Montana health insurer to court 10,000 Idahoans

The Helena-based cooperative says it sees a need for a new competitor in the Gem State market.

adutton@idahostatesman.comDecember 4, 2013 

Idahoans already have four insurance companies to choose from when they shop for health insurance on the state’s new exchange. Now a fifth player wants to enter the scene, making a $22 million bet that it can attract residents and their employers next year.

Montana Health CO-OP is led by a former Blue Cross of Idaho executive, Jerry Dworak.

“Being from Idaho, I knew there were only a few players in Idaho,” Dworak said in an interview Monday. “I figured a little competition wouldn’t be a bad idea.”

Dworak’s organization is a “Consumer Operated and Oriented Plan,” or co-op, a consumer-driven, nonprofit insurance program created by the Affordable Care Act as a compromise when the “public option” — a government-run insurer — was nixed from President Barack Obama’s health care reform.

The Montana Health CO-OP was among the first to receive federal seed money — $58 million in loans, much of it for reserves to cover claims — in 2012. It was licensed in Montana by the end of the year.

With co-ops taking root in just 24 states this year, the federal government asked existing co-ops to consider expanding, Dworak said. So the Montana co-op hired a consultant, who confirmed what Dworak thought: Idahoans want another player in the market.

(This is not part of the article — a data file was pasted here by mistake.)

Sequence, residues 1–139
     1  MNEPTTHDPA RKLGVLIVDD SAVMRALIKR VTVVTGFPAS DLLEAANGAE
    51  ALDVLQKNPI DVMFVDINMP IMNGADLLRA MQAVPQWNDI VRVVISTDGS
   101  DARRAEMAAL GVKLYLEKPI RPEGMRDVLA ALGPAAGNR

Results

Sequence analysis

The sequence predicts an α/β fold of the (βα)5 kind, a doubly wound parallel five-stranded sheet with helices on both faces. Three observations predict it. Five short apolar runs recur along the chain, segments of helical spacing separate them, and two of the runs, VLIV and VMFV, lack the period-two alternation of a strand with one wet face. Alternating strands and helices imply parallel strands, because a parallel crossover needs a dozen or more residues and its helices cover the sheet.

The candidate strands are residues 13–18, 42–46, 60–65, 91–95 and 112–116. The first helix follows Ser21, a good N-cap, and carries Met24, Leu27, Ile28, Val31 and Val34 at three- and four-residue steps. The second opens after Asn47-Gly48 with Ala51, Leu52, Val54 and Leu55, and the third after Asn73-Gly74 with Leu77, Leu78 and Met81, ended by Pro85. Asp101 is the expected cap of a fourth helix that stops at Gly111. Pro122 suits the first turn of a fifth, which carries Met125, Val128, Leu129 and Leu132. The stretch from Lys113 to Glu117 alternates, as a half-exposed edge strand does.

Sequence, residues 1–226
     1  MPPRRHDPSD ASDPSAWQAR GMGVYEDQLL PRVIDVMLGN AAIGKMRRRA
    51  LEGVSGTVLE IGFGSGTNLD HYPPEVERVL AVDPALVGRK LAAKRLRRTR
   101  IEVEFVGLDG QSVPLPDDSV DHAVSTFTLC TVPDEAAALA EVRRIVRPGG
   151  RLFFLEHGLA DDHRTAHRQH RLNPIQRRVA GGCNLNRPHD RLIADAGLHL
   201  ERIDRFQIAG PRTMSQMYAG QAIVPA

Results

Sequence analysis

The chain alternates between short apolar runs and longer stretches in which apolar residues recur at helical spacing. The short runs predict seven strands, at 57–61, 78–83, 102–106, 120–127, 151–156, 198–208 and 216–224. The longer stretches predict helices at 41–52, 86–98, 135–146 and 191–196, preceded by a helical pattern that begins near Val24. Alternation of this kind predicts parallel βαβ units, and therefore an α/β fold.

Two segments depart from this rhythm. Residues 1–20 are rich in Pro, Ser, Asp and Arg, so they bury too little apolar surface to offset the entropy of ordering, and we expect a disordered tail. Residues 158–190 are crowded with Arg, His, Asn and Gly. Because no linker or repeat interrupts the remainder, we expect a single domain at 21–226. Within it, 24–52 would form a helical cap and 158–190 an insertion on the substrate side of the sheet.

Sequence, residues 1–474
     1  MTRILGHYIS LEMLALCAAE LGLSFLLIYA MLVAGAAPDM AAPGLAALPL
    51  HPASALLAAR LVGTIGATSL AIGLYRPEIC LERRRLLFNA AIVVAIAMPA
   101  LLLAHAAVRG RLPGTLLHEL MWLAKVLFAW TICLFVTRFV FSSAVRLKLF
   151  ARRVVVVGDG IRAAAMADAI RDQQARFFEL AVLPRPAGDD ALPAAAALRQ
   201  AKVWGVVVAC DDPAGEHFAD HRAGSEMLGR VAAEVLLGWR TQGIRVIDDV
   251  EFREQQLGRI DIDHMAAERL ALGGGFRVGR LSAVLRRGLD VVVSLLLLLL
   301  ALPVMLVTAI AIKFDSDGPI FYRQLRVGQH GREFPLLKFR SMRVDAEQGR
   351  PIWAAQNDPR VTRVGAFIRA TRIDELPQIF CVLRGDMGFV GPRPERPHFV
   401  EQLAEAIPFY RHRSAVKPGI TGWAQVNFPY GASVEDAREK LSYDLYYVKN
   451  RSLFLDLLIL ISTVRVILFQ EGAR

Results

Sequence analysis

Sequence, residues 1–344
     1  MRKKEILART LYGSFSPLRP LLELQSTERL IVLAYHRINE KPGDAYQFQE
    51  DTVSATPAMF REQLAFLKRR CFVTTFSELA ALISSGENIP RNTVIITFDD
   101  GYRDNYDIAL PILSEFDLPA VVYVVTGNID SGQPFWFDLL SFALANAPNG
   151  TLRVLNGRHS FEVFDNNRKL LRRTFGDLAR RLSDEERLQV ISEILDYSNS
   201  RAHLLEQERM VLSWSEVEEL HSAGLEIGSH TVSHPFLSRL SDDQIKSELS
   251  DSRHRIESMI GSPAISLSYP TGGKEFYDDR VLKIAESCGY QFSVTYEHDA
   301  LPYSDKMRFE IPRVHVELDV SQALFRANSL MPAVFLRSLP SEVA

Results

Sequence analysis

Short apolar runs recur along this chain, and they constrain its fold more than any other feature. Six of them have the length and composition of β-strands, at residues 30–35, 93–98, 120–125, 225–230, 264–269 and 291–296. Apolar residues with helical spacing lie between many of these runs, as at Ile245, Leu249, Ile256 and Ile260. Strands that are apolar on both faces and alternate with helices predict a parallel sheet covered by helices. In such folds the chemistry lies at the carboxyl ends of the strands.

Idaho hospitals, clinics, insurance brokers, nonprofits and employers of all sizes wrote more than 50 letters of support, he said.

Last week, the co-op closed on $22 million in no-interest and low-interest loans from the U.S. Department of Health and Human Services to fund its push.

It will be at least a year before Idahoans can comparison shop for co-op plans on the state’s exchange, Your Health Idaho. The Idaho Department of Insurance must approve the insurer, which hasn’t yet filed the paperwork to start that process.

The co-op’s target is 10,000 Idaho members its first year. Dworak told the Billings Gazette last year that he wants 40,000 customers by the co-op’s third year of operation, to make it financially viable.

This year, Your Health Idaho is dominated by not-for-profit insurers: Blue Cross of Idaho, PacificSource, Select Health, and Regence BlueShield of Idaho’s sister company, BridgeSpan.

Dworak, who was senior vice president of marketing for Blue Cross of Idaho, says the co-op is different from other insurers.

“Take a look at (other insurers’) financials and their reserves,” he said. “I don’t think the co-ops are in that mode. I think we are truly not for profit.”

Montana Health CO-OP has 18 employees. Dworak said its Idaho operation would start with four employees.

Audrey Dutton: 377-6448, Twitter: @IDS_Audrey

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